Do I have a case for workers compensation even if I went to the doctor on my own?

I had been hurting on and off for about a year with my neck and arm. So in July, my family doctor sent me to a orthopedic specialist. I got an MRI and it showed I have a herniated disc in my neck at C5-C6. I went to work and told my supervisor because I have not been in any accidents or I have not injured myself in any way, which I told my doctor and he agreed with me that it was more than likely work related. My supervisor told the man up front that is over that stuff and he said because I went to the doctor on my own that I wasn’t eligible for workers compensation. I have been doing the same job for 19 1/2 years. They have never tried to improve the way we work only until recently when several others have complained. I’ve been out of work since October 19,2017 because I am having a lot of weakness in my right arm and that is what I do all day is pull down on a screwdriver. And now disability is trying to give me the runaround. I just really need some advice. Thank you, Tracy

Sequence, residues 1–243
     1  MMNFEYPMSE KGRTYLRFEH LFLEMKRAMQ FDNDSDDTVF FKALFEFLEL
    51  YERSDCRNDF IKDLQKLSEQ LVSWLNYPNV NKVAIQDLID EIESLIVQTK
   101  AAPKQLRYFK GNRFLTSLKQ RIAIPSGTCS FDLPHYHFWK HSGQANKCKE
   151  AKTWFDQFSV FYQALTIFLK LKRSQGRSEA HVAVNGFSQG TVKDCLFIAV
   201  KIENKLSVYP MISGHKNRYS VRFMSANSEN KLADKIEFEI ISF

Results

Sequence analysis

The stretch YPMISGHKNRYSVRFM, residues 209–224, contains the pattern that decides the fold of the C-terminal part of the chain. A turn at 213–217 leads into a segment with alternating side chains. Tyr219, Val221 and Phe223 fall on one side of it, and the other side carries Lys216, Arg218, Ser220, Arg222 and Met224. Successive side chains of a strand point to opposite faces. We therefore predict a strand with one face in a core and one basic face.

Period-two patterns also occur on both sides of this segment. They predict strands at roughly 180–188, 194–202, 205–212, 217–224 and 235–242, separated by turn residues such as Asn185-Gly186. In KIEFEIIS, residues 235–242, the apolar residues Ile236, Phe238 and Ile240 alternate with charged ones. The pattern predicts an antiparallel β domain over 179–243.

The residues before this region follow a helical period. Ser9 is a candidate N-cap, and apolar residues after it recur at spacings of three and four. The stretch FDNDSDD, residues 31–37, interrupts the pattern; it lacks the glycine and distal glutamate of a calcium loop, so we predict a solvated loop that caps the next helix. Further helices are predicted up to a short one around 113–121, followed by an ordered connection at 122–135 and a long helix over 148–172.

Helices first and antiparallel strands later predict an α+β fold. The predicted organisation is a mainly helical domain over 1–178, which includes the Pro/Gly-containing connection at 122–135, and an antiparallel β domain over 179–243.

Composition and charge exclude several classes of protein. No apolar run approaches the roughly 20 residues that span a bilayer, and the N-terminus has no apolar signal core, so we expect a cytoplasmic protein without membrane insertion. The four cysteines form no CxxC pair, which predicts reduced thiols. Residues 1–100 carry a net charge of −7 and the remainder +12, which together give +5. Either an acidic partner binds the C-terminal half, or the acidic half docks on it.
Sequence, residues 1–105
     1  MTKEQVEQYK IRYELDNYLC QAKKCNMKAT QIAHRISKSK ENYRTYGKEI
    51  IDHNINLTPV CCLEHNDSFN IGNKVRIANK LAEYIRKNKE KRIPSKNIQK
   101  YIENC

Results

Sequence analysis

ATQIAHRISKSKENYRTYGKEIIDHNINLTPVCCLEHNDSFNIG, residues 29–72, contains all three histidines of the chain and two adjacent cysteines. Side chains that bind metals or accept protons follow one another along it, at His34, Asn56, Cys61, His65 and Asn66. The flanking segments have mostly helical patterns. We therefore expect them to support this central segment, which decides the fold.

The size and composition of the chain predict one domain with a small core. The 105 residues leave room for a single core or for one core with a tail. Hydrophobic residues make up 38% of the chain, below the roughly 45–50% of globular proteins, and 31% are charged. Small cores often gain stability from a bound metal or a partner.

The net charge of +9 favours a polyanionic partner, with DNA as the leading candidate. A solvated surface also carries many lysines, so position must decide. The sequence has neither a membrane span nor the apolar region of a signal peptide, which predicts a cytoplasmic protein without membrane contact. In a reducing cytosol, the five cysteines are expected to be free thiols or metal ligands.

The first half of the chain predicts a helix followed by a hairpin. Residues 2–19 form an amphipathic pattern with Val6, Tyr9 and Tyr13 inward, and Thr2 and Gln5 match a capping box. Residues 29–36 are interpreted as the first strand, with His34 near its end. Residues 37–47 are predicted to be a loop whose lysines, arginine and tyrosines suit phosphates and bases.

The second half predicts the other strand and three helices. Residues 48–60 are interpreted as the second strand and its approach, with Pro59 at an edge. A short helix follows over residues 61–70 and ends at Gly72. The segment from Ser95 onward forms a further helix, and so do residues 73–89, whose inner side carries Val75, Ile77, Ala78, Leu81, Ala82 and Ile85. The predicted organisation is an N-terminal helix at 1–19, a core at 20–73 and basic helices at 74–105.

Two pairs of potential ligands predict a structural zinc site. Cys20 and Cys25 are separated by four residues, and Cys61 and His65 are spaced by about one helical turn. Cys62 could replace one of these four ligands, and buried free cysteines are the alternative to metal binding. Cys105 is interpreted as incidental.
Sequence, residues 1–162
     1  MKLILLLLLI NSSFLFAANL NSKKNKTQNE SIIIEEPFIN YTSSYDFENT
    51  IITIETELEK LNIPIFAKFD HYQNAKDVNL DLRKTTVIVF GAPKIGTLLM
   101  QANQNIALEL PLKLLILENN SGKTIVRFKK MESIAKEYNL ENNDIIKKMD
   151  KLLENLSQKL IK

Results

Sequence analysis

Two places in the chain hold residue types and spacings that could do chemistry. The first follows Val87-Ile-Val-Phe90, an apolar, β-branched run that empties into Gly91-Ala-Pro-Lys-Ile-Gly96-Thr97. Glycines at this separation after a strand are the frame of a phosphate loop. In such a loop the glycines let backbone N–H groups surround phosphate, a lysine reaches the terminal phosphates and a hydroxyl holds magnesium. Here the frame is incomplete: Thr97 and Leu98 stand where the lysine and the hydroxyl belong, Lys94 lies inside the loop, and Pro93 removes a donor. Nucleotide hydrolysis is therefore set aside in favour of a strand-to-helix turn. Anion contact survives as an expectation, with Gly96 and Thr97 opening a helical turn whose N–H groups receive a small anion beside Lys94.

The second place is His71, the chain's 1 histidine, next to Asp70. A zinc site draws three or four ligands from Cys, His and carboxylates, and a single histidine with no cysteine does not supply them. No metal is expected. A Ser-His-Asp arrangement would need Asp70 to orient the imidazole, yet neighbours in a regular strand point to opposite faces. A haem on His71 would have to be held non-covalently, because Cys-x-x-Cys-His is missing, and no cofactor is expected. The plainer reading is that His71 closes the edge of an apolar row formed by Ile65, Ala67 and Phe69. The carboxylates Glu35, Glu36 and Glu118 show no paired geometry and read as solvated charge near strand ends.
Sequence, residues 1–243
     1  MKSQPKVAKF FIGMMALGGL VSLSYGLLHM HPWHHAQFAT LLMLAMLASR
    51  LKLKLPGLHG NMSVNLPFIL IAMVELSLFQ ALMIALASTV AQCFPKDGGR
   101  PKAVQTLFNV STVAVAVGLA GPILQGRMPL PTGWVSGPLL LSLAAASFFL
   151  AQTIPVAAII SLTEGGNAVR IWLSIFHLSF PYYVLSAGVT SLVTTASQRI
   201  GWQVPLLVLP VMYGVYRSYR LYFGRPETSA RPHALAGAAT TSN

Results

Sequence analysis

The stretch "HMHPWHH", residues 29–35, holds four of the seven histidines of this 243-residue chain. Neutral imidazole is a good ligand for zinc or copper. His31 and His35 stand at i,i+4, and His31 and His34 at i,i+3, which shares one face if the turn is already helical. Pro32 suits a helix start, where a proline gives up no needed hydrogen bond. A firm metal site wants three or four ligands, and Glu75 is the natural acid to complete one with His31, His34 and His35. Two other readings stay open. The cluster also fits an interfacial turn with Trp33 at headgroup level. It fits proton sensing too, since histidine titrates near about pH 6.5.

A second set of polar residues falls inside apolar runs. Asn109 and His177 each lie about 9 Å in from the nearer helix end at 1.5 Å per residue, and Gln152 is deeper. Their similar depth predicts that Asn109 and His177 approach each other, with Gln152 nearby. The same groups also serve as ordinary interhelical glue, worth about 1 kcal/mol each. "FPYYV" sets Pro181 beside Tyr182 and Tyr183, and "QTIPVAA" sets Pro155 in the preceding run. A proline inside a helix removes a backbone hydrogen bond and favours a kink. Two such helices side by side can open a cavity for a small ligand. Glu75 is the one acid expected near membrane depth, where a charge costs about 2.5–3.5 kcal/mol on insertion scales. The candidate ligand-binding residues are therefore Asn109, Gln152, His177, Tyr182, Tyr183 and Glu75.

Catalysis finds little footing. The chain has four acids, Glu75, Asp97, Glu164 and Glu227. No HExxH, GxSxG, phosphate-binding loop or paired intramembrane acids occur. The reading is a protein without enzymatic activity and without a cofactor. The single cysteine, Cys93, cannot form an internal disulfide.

Asked on November 2, 2017 under Employment Labor Law, South Carolina

Answers:

SJZ, Member, New York Bar / FreeAdvice Contributing Attorney

Answered 3 years ago | Contributor

You only have the right to worker's compensation if you can show (i.e. have evidence) that the damge was caused by work. Even if the doctor thinks it may be work related, there must be some specific event or injury which caused this, and which you had reported to your employer: worker's compensation does not apply if you believe it may be work related but cannot trace it back to a specific act or injury.


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